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Federal spending has exceeded its 2008 level by at least 15.8 percent in each subsequent year — only coming within $500 billion of it twice — exceeding it on average by 18.3 percent. In comparison, federal revenue exceeded its 2008 level by 10 percent last year.

Many liberals oppose the states’ approach of reducing spending in the face of an economic downturn — favoring the federal one — and take the Keynesian stance that government spending should be countercyclical to the economy.

However, for sake of argument, even accepting this approach, the fact remains: Federal spending has yet to fall.

The approaching five-year anniversary of the recession’s conclusion would seem to argue for federal spending’s retrenchment. Although the Federal Reserve has begun to taper its quantitative-easing program, the federal government has yet to seriously ease its spending program.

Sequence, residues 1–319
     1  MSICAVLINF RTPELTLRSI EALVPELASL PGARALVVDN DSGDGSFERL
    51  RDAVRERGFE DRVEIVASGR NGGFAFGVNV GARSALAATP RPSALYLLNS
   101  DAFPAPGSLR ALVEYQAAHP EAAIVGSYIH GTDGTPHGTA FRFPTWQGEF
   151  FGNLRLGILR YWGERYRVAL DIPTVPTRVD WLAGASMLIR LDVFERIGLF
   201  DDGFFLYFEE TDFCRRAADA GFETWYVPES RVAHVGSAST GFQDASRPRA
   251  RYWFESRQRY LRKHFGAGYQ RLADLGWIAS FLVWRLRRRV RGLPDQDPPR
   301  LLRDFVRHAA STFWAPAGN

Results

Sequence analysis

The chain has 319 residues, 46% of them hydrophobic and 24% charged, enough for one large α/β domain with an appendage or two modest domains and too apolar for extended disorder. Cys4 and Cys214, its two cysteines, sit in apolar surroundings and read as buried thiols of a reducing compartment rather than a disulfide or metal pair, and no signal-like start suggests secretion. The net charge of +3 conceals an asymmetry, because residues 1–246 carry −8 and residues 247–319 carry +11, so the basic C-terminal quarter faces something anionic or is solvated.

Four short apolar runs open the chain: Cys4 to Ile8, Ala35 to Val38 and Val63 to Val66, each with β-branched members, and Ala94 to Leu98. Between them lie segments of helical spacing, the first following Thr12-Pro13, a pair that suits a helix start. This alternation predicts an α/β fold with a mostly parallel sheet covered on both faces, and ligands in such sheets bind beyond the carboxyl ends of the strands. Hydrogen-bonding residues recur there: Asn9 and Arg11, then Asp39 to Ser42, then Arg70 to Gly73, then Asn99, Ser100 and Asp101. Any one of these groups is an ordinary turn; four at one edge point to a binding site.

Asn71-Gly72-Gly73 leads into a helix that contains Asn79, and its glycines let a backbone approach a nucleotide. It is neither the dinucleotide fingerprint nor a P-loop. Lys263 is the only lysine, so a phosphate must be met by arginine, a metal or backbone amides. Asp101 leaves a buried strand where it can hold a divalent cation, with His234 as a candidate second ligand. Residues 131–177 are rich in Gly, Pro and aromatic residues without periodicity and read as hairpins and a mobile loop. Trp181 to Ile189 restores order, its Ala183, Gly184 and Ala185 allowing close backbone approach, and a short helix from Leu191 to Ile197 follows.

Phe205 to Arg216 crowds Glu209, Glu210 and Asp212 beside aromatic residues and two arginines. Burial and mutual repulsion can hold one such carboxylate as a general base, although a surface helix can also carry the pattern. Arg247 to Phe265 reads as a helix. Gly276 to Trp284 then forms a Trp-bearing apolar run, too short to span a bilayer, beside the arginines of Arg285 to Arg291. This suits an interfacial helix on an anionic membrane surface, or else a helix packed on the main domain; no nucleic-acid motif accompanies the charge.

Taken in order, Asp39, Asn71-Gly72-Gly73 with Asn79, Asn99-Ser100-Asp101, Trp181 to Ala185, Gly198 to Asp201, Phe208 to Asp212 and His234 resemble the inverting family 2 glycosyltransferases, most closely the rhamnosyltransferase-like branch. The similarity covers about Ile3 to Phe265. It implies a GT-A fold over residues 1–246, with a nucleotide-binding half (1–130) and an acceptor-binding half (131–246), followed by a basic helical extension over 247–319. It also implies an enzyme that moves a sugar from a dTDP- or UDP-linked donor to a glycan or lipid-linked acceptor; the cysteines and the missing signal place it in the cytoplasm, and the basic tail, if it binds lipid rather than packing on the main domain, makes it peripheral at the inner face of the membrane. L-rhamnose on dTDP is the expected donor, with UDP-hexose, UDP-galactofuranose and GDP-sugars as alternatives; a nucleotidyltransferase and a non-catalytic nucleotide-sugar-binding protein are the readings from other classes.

While sharing the same economy, America consists of different fiscal worlds. In states, spending falls with revenues. In Washington, spending hardly ever falls — regardless of where revenue goes.

The result is what we currently see: Washington congratulating itself for last year having achieved a $680 billion deficit that amounted to 4.1 percent of gross domestic product.

Had it not been for the previous four years’ deficits, last year’s as a percentage of GDP would have been the highest since 1992.

Entitlements, those autopilot spending programs, assuredly drive federal spending. However, Washington’s problem runs deeper than its spending mechanics.

It is rooted in its culture of spending. As the Congressional Budget Office points out, the federal deficit has averaged 3 percent of the nation’s economic production over the past 40 years.

While states are running surpluses and debating how to use their reinvigorated revenues, Washington continues to rack up high deficits by historical standards — despite higher revenue.

Those deficits resulted from federal spending surging at the recession’s beginning and then effectively never receding — now almost five years after the recession.

These deficits are the product of a culture of tolerance for overspending that stretches back decades. In contrast, the states neither share Washington’s culture of overspending nor the illusion that it is sustainable or desirable. They now have the surpluses to show for it.

J.T. Young served in the Treasury Department and the Office of Management and Budget from 2001 to 2004 and as a congressional staff member from 1987 to 2000.